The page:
SIP vs lump sum: Difference between SIP and lumpsum | Value Research Lumpsum vs SIP: SIP vs lump sum mutual fund which is better? Understand the two methods of investing in a mutual fund and which one scores over the other

SIP or lumpsum: Which is better?

Understand the two methods of investing in a mutual fund and which one scores over the other

A common dilemma among many mutual fund investors is choosing the method of putting their money. Just like bank deposits come with two options - fixed deposit and recurring deposit, mutual funds also give you the option to invest the amount in one shot or put a fixed amount at a regular interval, say monthly. The first option is called 'lumpsum' investment and the other one is called 'systematic investment plan', popularly known as SIP.

While investing in a mutual fund, doing SIPs is a much superior alternative to lumpsum as the former solves the three big problems that people face while starting their investing journey - lack of adequate investible surplus, lack of discipline and the fear of volatility in the stock market.

Lack of adequate investible surplus: If you lack adequate investible surplus as of now, do not worry. With mutual funds SIP, you can start investing with as low as Rs 500 per month. And slowly but steadily, your money will start growing, leading to a bigger corpus over time. In fact, a lot of times, a small start can be a better start because even if you make mistakes initially, a large amount of money would not be at stake. On the contrary, if you keep waiting to accumulate a sizable amount before making your first mutual fund investment, you may be too late.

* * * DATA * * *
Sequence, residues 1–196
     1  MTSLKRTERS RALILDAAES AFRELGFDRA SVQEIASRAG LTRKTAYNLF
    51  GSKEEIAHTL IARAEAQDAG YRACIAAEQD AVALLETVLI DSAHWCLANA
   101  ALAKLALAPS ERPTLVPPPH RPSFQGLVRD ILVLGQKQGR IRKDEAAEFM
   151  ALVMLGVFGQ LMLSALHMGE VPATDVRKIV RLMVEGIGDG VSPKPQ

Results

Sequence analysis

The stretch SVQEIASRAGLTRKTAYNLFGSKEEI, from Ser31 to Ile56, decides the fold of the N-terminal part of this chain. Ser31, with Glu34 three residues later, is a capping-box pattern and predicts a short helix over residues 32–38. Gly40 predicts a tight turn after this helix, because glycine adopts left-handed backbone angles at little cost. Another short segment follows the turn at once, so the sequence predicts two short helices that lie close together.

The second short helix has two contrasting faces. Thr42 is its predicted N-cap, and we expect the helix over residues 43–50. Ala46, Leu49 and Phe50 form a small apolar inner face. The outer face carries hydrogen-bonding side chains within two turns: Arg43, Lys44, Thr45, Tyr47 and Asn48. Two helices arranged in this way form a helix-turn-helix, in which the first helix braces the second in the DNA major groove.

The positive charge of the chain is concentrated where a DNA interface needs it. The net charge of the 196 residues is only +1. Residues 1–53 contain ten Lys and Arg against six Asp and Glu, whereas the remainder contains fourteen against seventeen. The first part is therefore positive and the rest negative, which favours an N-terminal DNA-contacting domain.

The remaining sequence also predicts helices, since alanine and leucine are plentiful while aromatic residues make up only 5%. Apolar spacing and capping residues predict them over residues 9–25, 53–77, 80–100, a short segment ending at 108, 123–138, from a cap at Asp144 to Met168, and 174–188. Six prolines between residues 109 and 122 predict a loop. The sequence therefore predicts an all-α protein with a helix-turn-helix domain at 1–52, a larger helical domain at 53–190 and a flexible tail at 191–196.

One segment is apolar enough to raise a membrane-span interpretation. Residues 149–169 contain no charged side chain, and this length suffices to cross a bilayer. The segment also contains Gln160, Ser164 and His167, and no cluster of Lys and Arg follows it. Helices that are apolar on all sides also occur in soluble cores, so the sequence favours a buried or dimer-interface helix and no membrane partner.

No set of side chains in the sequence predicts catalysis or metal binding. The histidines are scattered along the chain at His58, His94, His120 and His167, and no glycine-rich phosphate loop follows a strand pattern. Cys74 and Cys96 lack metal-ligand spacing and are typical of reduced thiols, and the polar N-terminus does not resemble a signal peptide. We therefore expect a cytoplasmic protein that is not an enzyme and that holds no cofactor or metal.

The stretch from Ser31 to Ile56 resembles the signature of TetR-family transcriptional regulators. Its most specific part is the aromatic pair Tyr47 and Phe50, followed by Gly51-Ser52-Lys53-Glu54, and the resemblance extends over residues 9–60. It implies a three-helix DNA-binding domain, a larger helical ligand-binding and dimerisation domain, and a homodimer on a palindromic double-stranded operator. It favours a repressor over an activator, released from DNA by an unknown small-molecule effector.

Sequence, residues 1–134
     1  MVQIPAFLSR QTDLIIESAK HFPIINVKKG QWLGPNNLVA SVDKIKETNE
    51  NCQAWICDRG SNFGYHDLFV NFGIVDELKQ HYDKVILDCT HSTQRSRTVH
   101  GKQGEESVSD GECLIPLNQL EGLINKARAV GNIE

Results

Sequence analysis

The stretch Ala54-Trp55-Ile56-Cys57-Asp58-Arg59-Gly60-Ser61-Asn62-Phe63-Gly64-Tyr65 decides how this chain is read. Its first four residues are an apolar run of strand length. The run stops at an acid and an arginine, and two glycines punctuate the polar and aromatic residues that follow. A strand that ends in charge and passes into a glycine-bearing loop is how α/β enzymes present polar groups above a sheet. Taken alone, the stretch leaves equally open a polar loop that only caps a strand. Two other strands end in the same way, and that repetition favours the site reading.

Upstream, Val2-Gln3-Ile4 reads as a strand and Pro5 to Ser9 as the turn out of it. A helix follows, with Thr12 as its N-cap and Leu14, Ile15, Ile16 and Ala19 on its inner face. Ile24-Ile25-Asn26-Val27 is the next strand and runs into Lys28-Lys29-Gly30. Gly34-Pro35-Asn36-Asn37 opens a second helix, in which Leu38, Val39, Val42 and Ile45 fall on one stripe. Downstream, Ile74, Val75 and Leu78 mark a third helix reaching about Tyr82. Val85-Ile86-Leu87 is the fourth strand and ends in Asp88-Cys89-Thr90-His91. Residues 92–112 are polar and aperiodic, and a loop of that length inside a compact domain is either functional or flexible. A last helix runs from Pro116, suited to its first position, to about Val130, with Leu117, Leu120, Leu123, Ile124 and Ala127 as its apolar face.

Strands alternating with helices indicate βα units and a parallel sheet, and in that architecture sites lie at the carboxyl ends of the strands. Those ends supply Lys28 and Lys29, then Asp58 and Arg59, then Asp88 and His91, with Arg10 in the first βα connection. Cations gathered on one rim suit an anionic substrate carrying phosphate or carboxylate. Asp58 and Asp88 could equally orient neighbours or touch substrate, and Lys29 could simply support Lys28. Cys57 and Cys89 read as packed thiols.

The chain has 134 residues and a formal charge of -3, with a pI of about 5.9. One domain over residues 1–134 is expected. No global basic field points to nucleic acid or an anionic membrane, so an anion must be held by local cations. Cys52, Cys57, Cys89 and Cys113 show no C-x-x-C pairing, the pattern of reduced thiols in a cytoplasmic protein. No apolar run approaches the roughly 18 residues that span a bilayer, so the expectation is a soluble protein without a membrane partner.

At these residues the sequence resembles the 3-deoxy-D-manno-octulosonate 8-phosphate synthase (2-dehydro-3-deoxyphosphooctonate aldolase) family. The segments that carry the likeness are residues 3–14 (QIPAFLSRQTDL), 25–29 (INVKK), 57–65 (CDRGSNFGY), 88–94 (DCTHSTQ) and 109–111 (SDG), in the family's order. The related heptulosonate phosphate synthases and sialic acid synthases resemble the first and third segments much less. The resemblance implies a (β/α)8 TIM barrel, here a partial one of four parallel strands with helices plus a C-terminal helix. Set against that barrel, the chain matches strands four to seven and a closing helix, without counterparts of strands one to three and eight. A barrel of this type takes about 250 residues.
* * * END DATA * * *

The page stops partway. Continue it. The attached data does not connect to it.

Lack of discipline: Many people often struggle to stick to their investment plan. Sometimes, it's the temptation to splurge money over materialistic things, or sometimes the current state of the stock market scares them away. An SIP puts an end to all of this by automating the process of investing. It also fits quite well for salaried people as they earn monthly so they can also invest on a monthly basis.

Dealing with the stock market volatility: If someone would have invested Rs 20 lakh in Sensex at the beginning of 2009, his money would have grown to Rs 36 lakh in a year. On the other hand, someone investing the same Rs 20 lakh at the beginning of 2008 (the year of the great financial crisis), would have seen the investment value getting reduced to just Rs 15.4 lakh in the next 3 months, Rs 13.3 lakh in another 3 months, Rs 12.8 lakhs in further 3 months and finally to Rs 9.6 lakh by the end of the year. And when you see such a substantial fall in your investment value in a short period, most people lose their patience and book a loss which is undesirable. So, the point is you don't know how the market would behave soon after you invest.

SIP or lumpsum: Which is better?

SIPs help you stay invested through the ups and downs of the market as you get rid of the dilemma of figuring out when to invest. Here, you simply put a fixed amount on a monthly basis irrespective of what is happening in the stock market. Now of course, in a bull phase, doing an SIP might seem like a losing proposition as you can see in the graph above for the period 2020-21. But nobody knew that the market would get over the fear of COVID-19 so soon. Moreover, the kind of portfolio decline that the investors with the lumpsum route witnessed in March 2020, would have given many of them some sleepless nights for sure. Since we can't predict the stock market, doing an SIP is the only viable option to contain the volatility that comes with equity investing. SIPs protect you from sharp losses that come without knocking your door. This is very crucial in your investing journey to help you stay the course. Under most circumstances and over a sufficiently long period, SIPs will do well enough.

Therefore, if you lack a large lumpsum amount to invest, do not wait to accumulate one. Start with an SIP of however small an amount you can. Believe us, it has the potential to give you big results over the long-term. In fact, even if you have a big amount to invest, spread that money over a six to 12 months SIP to average your cost and reduce the risk of investing when the market is high. It also helps avoid panic during tough times which leads to a healthy return in the long run.

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